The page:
The farmers simply wanted better prices so they could survive.
The cost of living had risen quite a bit in a short time. The year ending in 1909, from 1905, for example, the cost of grain rose 49.9 percent and dairy produce 33 percent.
While, on the other hand, imported goods were lower than they were during 1890 – 1899.
This became a great issue for Canadians (and politicians). The Opposition especially were concerned when the U.S. Speaker of the House of Representatives, Champ Clark, expressed his hopes for the day when “the American flag will float over every square foot of the British North American possessions, clear to the North Pole.”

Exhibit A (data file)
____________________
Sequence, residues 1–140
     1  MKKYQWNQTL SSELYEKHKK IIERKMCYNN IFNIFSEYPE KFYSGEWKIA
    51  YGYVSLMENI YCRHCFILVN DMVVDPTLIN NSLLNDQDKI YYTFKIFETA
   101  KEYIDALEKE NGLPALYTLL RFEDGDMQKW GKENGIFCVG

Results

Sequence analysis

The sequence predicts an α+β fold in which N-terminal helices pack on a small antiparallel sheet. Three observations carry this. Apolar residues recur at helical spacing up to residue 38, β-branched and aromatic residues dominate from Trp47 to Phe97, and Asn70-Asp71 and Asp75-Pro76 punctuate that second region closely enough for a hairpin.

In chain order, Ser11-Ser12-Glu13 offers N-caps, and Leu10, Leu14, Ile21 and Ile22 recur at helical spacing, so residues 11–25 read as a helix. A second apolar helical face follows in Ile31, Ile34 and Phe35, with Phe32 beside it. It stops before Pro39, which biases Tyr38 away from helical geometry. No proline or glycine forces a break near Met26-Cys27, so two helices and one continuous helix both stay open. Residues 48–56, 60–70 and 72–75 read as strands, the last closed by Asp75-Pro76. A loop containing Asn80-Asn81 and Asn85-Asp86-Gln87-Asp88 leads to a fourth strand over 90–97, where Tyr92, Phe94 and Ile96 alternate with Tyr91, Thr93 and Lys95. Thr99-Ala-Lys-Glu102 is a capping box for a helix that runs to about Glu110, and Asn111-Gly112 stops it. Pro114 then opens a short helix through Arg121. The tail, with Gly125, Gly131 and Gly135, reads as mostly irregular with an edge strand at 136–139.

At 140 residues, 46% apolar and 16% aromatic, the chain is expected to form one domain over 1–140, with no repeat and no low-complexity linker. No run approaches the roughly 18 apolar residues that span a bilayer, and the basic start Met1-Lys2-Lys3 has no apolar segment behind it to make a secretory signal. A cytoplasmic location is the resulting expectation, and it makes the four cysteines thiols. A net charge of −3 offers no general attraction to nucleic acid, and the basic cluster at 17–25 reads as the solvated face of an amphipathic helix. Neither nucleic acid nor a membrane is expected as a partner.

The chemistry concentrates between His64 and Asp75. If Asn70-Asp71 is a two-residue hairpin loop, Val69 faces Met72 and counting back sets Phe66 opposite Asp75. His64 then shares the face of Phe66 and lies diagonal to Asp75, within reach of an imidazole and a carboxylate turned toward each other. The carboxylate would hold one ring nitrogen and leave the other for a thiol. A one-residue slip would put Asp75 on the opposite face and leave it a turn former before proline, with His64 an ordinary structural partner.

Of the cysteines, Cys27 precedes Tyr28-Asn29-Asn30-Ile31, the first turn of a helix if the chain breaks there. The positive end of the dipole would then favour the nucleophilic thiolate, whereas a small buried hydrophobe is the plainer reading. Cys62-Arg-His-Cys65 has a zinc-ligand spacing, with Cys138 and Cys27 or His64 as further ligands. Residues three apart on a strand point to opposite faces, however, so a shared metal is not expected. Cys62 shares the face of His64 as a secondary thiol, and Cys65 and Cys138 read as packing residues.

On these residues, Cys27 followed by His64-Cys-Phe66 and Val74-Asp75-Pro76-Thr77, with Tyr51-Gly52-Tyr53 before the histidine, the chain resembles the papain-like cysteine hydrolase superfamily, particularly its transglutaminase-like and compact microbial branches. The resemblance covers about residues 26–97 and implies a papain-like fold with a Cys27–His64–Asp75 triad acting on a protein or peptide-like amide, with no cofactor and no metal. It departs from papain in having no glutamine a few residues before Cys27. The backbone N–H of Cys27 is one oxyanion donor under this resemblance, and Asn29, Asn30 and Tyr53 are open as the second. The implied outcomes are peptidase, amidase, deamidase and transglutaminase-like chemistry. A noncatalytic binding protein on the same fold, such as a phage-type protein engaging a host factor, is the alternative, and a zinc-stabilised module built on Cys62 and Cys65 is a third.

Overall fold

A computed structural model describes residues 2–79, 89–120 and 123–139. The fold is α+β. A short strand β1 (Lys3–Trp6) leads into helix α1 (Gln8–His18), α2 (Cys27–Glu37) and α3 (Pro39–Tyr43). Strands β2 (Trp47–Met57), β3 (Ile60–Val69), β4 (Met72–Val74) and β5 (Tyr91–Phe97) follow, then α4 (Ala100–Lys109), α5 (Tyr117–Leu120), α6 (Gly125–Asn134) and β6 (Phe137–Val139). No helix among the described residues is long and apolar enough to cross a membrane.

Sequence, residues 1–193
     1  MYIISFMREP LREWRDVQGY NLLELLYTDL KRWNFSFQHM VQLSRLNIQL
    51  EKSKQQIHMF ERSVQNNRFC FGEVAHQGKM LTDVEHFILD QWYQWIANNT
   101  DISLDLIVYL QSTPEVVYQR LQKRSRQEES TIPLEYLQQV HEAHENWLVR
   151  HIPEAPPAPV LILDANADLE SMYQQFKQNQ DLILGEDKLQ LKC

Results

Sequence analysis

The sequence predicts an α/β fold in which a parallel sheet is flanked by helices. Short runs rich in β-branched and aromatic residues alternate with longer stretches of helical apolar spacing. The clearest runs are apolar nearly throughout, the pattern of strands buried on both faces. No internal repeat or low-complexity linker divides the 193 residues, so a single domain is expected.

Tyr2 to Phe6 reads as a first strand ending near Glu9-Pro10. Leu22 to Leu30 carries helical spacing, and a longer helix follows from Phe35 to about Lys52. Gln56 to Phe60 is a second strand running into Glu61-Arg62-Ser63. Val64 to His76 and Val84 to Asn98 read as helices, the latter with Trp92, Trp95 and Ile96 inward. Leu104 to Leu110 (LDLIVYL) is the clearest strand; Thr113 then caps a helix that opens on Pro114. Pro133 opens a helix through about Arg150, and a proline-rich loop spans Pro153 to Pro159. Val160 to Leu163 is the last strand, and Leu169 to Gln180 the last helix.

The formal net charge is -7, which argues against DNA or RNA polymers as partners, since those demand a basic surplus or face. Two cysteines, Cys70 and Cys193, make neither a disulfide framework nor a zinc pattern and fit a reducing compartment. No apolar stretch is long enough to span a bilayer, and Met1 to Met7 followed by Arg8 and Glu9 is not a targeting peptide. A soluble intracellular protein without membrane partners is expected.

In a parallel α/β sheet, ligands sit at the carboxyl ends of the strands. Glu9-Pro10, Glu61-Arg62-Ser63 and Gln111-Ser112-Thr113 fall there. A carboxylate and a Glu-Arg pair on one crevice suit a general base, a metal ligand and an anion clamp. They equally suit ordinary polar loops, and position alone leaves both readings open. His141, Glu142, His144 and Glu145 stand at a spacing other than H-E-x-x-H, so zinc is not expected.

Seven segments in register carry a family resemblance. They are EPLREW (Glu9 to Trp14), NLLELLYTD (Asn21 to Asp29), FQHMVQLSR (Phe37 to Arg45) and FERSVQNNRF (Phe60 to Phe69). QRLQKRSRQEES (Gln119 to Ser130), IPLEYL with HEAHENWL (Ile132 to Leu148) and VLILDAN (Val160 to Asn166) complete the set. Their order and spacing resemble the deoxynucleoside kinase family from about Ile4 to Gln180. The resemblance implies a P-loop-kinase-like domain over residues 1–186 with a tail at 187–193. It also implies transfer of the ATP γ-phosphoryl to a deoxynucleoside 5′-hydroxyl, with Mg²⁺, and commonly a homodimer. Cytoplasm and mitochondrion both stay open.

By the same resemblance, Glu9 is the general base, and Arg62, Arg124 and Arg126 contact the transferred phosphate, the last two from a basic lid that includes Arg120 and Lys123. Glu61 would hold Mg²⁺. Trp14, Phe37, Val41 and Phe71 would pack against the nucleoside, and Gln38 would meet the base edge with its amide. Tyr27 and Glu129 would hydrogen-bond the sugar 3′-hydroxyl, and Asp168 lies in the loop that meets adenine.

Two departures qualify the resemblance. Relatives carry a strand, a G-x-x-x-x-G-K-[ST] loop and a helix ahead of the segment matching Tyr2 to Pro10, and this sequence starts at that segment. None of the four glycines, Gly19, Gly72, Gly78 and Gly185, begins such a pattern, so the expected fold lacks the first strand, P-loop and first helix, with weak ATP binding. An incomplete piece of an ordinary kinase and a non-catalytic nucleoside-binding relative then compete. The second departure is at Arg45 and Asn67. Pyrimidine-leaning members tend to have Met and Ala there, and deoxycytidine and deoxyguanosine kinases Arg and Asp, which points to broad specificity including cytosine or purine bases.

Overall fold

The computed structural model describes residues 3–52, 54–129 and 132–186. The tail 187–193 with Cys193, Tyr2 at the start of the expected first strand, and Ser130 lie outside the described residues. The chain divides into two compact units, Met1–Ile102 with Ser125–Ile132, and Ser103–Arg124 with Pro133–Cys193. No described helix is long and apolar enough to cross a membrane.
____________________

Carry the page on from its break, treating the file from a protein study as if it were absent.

The next year, Prime Minister Sir Wilfrid Laurier worked out a deal with the United States that would help the farmers. But this annoyed eastern business owners. The Conservatives who opposed free trade were so furious at Laurier that they threatened his trade plans come the next election.
And so an exasperated Laurier called for an election in 1911.
Free trade “with the yankees” became one of the key issues in the 1911 election campaign. Robert Borden used Canadians’ fear of being taken over by the U.S. in his speeches.
The Liberals were successful. Nova Scotian Opposition leader Robert Borden became prime minister. The trade deal was gone.